Is AI Smarter than Humans to Flatten the Curve of COVID-19 (Coronavirus)?

2020-05-21 14:41:29

Wash your hands, social distance, isolate!  Humans are doing their part to fight COVID-19, but   the technology side of the story that is currently underreported.  There was a boost last week to Google’s Verily when President Trump mentioned that they were going to be using technology to screen.  As we saw, they were nowhere close to launching such a tool. Verily’s rush to build a COVID-19 screening tool on the fly underscored how tech companies have been forced to improvise to stay in Trump’s good graces.  There's no way to do this in days, weeks, or even months. The data has never been properly aligned in healthcare, and COVID-19 is exposing this weakness. There are many self assessment mediacal tools however, CloudMedx is one of the only companies that uses crowdsourced data and artificial intelligence (AI) to fine tune and inform doctors’ models to flatten the curve of COVID-19; they have been in development for 5 years.  CloudMedx does this by using AI on data to help both doctors and patients.

The company believes in “Aligning Intelligence” to the 3 Ps in healthcare – Payers, Providers, and Patients to serve their needs. CloudMedx uses AI to enhance existing workflows and generate automated clinical insights, which in turn improve operations, case management, and patient engagement for health organizations.

Supporting some of the top hospitals and payers in the country, CloudMedx integrates natural language understanding (NLU) and deep learning with major EHRs and healthcare organizations nationwide. In the case of COVID-19, this may include predicting surge, length of stays, resource utilization (ICU beds, equipment, etc.), staffing needs, and identification of high-risk individuals based on available data.  Without aligning all the data, you can't treat people based on the one thing that drives all care, i.e. what happened with the other person who was just like you, had similar symptoms, because you need to do what worked last time again.  

For patients, CloudMedx announced that its AI chatbot, AskSophie, is now enabled to help them self-assess for the risk of COVID-19.  AskSophie is a free, online symptom checker that uses guidelines from the Centers for Disease Control and Prevention (CDC) to provide patients with the relative risk of contracting the disease based on their location, symptoms, and age. It further provides reference guidelines on what to do if patients are high, medium, or low risk.  AskSophie is available via and  t works similarly to how Waze sources user-provided traffic information. However, instead of real-time traffic information, CloudMedx uses guidelines from the CDC to better inform the  patient about their relative risks, lab centers near them, and having a meaningful and personalized conversation with a doctor. Then, like an Air Traffic Control, it provides the healthcare ecosystem with the location, spread, and impact of the virus, so they can prepare for what’s coming.  This allows patients to be a part of the decision-making process with their doctors while avoiding public interaction as symptoms persist. AskSophie is not intended to provide anything definitive, but rather to provide patients with categories of conditions common to people with similar symptoms for education purposes and to further investigate with their health providers.  In the near future, CloudMedx plans to connect AskSophie to telemedicine providers and provide additional resources to assist patients.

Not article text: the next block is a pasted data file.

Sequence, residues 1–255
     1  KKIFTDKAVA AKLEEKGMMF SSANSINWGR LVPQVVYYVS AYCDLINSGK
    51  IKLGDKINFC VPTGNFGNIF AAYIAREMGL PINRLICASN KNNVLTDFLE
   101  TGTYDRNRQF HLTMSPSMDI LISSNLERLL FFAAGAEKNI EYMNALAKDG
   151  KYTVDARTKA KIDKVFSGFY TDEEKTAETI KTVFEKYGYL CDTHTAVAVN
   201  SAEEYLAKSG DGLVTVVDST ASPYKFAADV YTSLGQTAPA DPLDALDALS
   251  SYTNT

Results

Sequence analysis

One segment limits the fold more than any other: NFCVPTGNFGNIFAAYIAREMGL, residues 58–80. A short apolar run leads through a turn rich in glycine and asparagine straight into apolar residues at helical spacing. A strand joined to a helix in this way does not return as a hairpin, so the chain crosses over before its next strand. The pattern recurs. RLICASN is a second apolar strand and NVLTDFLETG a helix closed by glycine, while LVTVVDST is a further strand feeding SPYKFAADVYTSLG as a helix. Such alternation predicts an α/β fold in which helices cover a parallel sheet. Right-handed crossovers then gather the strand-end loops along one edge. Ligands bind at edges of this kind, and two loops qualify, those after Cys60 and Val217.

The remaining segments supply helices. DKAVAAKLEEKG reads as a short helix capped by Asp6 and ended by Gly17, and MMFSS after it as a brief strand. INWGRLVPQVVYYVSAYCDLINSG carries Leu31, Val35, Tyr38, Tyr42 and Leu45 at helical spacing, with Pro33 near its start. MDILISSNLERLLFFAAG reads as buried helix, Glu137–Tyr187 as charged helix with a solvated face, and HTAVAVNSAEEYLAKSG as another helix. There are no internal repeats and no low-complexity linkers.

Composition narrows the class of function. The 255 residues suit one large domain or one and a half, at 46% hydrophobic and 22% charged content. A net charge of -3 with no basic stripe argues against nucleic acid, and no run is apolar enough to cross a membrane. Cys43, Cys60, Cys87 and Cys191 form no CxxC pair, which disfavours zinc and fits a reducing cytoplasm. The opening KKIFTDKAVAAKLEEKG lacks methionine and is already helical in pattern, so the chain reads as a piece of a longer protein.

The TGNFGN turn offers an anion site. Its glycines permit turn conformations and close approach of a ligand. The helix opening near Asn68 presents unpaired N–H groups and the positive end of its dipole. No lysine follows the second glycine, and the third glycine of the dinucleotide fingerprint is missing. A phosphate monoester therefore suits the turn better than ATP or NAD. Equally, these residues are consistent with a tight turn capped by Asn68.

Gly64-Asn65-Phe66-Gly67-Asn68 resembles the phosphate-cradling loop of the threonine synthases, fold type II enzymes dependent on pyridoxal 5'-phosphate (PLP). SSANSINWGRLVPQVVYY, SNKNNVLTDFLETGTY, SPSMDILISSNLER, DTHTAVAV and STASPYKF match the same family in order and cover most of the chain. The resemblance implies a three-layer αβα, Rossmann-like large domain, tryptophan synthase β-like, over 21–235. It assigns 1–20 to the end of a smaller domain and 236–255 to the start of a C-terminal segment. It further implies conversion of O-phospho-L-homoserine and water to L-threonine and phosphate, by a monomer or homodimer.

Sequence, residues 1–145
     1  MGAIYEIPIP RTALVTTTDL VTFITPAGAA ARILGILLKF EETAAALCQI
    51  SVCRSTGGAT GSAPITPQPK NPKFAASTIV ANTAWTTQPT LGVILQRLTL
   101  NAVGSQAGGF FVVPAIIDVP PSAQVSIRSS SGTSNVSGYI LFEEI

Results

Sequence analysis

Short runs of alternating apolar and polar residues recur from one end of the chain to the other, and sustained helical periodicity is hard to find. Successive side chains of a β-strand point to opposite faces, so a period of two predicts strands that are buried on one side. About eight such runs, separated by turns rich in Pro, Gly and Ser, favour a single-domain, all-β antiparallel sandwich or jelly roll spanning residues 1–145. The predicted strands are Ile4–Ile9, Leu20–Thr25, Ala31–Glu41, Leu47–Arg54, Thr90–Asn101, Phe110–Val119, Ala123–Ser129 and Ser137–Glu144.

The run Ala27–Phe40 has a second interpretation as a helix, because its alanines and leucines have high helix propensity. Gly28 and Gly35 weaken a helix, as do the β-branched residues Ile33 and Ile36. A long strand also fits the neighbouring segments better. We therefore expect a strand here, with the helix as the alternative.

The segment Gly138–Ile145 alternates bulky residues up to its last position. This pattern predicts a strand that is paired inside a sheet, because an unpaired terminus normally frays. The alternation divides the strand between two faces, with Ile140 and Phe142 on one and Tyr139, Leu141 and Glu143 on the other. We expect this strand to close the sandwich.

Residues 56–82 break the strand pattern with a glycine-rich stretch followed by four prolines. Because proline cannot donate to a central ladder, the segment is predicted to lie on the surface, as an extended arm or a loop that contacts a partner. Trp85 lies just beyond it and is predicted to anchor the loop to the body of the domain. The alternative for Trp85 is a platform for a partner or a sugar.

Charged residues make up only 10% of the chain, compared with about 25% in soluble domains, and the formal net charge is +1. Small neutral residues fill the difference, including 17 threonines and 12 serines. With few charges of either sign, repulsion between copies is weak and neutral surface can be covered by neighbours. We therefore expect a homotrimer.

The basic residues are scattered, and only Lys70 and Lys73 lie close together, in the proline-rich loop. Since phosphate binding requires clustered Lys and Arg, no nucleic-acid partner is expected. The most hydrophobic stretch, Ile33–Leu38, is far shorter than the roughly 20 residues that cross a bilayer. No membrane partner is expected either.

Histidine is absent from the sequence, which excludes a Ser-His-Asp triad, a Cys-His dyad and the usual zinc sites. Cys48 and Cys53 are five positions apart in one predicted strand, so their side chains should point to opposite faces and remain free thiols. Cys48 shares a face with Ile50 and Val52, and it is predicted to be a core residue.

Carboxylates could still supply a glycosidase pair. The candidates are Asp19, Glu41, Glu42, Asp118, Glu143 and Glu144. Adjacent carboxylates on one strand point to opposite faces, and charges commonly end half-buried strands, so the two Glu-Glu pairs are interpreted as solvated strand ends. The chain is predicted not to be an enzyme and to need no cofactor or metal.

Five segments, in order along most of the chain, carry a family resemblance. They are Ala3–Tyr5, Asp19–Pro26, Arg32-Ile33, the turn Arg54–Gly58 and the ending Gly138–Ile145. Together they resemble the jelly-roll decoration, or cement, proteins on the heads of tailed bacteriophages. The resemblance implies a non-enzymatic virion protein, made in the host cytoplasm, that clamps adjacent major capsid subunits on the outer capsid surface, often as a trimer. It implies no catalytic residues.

Tashfeen Suleman, CEO of CloudMedx said, “Instead of user-submitted transportation information, we want to gather and organize large volumes of medical information to help patients and healthcare administrators assess this disease together and collectively align care to drive better patient outcomes.”

Doing the right thing for patients is deeply rooted into the ethos of the company and is also the genesis. Six years ago, Suleman’s father went to an emergency room twice complaining of frequent headaches, and twice doctors sent him home with a diagnosis of allergies. It turned out he was suffering from a subdural hematoma — bleeding around the brain. Following the second misdiagnosis, he went into a coma and required emergency brain surgery (he made a full recovery). After trying to get to the root of the inaccurate diagnoses, his family discovered the hematoma was the side effect of a new medication his father had been prescribed a few weeks prior. He lacked physical symptoms like slurred speech and difficulty walking, which normally would have prompted doctors to order a CT scan and detect the bleeding earlier. CloudMedx exists today because of this misdiagnosis.

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